But back to the 2 happy travelers left early this morning and will be driving about 14 hours today. I sent a pillow and blanket in the car so Olivia can take a nap later. I spent last night and this morning going over a checklist of everything she packed and still had to call them back 2 minutes after they left because she forgot her sneakers.
My husband doesn't really do the meds in our house. He helps when I need it (and he's here) but it is definitely directed and dosed by me. I have sent a huge arsenal of stuff with them as she is my asthma queen. I am a little concerned because it is 95 here and it is only going to be in the 60's there. So I think the temp change my do its thing to her lungs. Hopefully not, but my husband will get a quick education if it does. Luckily, she is old enough to tell him when she is feeling bad. I made her bring a bag to take to the sports park with her to keep her inhaler close by, and thanks to some good friend, we have on loan a portable nebulizer that my husband is keeping in the car. See, no mother hen here! They have been gone 2 hours and I haven't called yet (unless you count the sneaker thing).
My little one is left alone at home and is pretty miserable. She has never spent any significant time away from her sister. She  could've gone but doesn't like loud noises, and motorcycle races are REALLY loud. So she is convinced this will be the worst week of her life. We have already bribed her with a build a bear that is going to be purchased tomorrow, and today she got a last minute invite to a birthday party this weekend so hopefully I can keep it as fun packed as possible to make the time go by.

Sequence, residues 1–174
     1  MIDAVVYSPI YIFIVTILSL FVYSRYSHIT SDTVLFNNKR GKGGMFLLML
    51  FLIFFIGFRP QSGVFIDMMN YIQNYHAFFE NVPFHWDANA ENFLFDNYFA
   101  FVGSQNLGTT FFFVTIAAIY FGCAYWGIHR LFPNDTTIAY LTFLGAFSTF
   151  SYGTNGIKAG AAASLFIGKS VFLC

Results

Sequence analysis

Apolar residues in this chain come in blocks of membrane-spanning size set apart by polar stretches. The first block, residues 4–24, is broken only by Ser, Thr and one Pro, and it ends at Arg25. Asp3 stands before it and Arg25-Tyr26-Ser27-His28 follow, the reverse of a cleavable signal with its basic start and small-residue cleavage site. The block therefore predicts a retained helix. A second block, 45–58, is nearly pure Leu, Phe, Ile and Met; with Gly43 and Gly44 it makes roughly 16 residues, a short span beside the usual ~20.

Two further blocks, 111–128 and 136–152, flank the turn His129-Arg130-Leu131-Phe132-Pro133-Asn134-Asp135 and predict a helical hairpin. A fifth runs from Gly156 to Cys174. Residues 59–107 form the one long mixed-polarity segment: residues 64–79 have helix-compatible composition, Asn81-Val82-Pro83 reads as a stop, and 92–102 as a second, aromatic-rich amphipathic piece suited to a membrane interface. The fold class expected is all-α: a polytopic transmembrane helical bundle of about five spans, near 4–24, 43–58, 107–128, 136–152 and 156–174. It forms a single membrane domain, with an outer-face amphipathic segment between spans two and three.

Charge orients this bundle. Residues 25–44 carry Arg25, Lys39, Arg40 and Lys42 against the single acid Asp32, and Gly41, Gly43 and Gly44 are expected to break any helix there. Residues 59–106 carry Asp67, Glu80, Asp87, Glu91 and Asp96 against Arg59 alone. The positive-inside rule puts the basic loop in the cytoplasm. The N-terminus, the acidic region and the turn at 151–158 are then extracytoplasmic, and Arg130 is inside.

Sunday, May 23, 2010

10 Years ago...

today I was going to be a career woman. I spent 5 years in college earning a specialized degree and had an excellent job making tons of money. I wore pretty clothes everyday and everyone at work listened to me. They had to, I was in charge of my department. I was going to have my children, take my 3 month's maternity leave, find an excellent daycare and go back to work. But that was 10 years ago today.
Ten years ago tonight my first daughter was born. It was a horrible c-section and she aspirated on some fluid so I didn't get to see her for 4 hours after she was born. In that 4 hour window my world rocked, crumbled and reformed. I was not going to do anything ever again but be a mother. At that time I was making about 40% of our income, but I really didn't care. She was so little (I use that term realtively speaking as she was 9lbs 8 ozs) and no one else was going to care for her the way I could.
So my husband and I spent the next year slimming down our budget, and I have stayed home ever since. She is my utter delight. She is my soulmate- we are so alike, she challenges me to do the very best for all of my kids. She is smart, caring and is a peacemaker to the core of her being.
Happy, happy birthday my darling Olivia!

Thursday, May 20, 2010

Since Tomas surgery went so well he has been cleared by pulm/GI/surgeon to try oral feeds with a honey or thicker consistency (he had 2 Swallow studies a while back and passed for honey).
He has always been interested in food and by the grace of God has zero oral aversion even though he has only been fed by mouth for 2 weeks out of his 16 months. It was a strange twist of fate to have a baby begging for food he wasn't allowed to have.